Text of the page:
3. Causation:
    • in deceit claims, there is a requirement of causation over and above the requirement to prove inducement.
    • the Judge found that the signing of the audit reports induced by the representation letters was a substantial cause of D&T being sued for negligence, even if their negligent work (which was assumed for the purposes of the preliminary issue) might have been a more significant cause. The Judge followed Lord Steyn's test of causation (a substantial factor/ sufficient causal connection) in Smith New Court v Scrimgeour Vickers (Asset Management) Ltd [1997] AC 254.
    • as this is a claim in deceit and following Standard Chartered Bank v Pakistan National Shipping Corp (No. 4) [2001] QB 167, the signature of the audit reports was a cause of the loss and was to be treated as the only cause.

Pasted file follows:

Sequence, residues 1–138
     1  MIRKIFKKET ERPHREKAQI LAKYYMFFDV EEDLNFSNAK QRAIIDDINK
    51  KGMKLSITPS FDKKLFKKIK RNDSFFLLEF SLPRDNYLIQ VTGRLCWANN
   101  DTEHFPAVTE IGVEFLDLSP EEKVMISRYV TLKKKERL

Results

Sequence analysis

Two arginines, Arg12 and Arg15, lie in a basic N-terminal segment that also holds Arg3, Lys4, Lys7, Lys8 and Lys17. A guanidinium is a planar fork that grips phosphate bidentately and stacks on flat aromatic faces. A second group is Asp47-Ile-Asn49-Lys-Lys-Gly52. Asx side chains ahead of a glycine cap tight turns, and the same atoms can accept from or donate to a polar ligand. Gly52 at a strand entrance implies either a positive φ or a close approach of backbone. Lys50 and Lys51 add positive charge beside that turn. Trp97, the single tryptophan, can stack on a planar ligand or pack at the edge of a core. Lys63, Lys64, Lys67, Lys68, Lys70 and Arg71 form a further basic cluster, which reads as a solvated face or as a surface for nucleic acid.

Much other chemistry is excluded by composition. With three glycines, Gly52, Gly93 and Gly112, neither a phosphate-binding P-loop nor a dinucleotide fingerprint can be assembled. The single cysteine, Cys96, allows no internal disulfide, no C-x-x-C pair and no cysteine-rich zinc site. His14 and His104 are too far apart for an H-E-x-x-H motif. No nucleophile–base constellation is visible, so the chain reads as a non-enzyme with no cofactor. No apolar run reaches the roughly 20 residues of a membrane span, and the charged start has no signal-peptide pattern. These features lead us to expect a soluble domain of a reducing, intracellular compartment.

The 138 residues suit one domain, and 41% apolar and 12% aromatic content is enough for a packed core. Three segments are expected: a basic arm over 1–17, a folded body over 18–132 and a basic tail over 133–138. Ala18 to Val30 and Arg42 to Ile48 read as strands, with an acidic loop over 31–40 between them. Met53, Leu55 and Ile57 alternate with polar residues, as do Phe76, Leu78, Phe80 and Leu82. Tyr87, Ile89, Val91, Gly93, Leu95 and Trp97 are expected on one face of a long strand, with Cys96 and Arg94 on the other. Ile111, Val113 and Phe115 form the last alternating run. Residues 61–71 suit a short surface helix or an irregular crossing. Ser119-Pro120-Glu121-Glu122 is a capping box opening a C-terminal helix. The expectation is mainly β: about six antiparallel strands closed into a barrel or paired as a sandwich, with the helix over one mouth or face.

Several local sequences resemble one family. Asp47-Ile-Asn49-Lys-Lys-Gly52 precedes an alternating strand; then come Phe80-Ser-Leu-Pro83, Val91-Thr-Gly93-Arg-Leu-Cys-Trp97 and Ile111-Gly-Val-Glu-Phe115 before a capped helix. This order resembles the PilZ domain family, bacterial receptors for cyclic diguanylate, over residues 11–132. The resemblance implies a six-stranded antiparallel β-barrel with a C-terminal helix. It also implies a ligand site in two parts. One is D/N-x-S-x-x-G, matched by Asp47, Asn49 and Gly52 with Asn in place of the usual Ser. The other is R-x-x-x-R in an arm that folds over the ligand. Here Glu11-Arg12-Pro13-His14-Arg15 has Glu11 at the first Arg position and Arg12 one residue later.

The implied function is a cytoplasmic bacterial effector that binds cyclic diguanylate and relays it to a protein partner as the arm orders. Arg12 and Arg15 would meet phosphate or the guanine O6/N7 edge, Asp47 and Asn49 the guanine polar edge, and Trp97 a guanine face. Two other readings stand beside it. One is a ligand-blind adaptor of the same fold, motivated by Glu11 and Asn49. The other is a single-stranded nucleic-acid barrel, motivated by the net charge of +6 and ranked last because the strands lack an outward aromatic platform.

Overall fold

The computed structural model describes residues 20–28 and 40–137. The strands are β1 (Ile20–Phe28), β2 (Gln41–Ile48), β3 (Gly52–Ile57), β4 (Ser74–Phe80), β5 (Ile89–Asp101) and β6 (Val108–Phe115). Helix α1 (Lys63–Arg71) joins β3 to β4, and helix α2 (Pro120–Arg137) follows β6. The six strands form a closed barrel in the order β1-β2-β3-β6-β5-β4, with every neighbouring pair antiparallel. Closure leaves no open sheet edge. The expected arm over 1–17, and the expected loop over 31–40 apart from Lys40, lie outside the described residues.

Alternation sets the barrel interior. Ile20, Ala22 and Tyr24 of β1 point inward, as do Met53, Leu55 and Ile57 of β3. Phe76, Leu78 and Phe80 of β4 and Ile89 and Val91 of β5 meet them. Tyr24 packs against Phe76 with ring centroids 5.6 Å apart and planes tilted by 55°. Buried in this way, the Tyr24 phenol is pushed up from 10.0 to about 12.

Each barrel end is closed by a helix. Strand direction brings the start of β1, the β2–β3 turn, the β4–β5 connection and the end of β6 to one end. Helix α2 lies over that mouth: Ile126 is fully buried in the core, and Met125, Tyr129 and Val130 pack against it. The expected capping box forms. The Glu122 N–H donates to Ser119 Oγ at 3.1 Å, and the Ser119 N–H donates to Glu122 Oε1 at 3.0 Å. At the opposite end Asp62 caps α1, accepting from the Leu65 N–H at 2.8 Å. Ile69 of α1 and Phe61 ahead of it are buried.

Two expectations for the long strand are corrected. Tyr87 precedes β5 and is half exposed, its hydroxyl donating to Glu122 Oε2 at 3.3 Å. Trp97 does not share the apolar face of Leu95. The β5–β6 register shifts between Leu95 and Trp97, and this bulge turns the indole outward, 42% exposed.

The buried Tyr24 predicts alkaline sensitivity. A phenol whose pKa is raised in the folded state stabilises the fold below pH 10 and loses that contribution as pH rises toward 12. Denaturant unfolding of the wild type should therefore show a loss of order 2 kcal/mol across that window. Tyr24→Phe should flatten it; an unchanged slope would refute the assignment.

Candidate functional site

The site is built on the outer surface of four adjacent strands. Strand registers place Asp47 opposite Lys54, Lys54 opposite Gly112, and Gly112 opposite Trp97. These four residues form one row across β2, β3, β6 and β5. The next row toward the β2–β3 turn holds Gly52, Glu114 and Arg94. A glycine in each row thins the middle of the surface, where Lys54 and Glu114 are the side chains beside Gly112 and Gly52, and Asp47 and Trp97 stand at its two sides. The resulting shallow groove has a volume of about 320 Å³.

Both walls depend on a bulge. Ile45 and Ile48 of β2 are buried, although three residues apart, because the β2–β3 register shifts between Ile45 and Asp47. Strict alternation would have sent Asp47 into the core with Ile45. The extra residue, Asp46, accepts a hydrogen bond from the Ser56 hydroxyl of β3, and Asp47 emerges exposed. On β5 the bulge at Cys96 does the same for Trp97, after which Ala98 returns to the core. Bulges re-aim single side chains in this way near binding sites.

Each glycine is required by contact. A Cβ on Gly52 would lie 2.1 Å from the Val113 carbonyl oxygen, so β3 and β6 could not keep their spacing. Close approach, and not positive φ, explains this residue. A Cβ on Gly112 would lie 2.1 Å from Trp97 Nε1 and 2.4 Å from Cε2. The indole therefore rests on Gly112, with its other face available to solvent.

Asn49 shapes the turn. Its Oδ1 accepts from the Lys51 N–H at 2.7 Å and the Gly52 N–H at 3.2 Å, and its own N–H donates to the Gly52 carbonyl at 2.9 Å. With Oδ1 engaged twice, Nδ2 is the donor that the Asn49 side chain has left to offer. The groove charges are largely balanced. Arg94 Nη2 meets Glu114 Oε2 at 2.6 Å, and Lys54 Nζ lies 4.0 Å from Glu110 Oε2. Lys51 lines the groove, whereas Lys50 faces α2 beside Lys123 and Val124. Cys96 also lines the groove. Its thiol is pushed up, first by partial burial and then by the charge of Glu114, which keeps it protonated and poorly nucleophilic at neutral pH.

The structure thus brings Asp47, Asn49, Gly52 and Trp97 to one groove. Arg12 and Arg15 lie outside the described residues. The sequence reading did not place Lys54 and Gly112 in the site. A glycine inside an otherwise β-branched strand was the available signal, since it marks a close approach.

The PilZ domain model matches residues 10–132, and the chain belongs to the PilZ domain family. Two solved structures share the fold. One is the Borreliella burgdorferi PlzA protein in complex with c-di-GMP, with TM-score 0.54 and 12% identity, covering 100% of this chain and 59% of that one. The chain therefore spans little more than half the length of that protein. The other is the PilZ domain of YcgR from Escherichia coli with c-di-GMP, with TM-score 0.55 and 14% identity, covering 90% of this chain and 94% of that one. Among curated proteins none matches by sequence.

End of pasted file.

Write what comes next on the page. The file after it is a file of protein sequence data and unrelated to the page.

• the Judge also considered "the purpose and scope of the relevant rule" as advocated by Lord Hoffman in Environment Agency v Empress Car Co (Abertillery) Ltd [1999] 2 AC 22 (the policy-based approach). He looked at two conflicting policies: (a) that allowing a company to sue its auditors in respect of a negligent audit and (b) that allowing a victim who has been deceived to sue his deceiver. The Judge came to the same conclusion under the policy test as under Lord Steyn’s test.

  4. Vicarious Liability: the Judge held that, had he found Mr Jones to have been recklessly fraudulent in signing the representation letters, he would have held that BFS was vicariously liable for his actions. Mr Jones signed the representation letters on BFS’ letterhead, as a director of BFS. On the face of it, he did so in the course of his employment and within the scope of his implied authority from the company.

    BFS argued that auditors, as officers of the company, were “insiders”. Thus BFS were not to be made liable for Mr Jones’ fraud because the rule in Lloyd v Grace Smith & Co [1912] AC 716 governs a company’s liability to “outsiders” only. The Judge did not accept that auditors are to be treated as “insiders”.